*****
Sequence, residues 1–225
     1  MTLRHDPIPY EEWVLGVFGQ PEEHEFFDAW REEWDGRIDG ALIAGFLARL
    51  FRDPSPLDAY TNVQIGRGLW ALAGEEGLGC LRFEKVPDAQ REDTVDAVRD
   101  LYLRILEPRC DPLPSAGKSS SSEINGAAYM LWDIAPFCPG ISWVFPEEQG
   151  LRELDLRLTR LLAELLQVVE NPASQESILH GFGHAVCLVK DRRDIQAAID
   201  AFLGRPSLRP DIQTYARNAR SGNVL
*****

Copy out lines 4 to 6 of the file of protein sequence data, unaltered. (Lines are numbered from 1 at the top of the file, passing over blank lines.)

   101  LYLRILEPRC DPLPSAGKSS SSEINGAAYM LWDIAPFCPG ISWVFPEEQG
   151  LRELDLRLTR LLAELLQVVE NPASQESILH GFGHAVCLVK DRRDIQAAID
   201  AFLGRPSLRP DIQTYARNAR SGNVL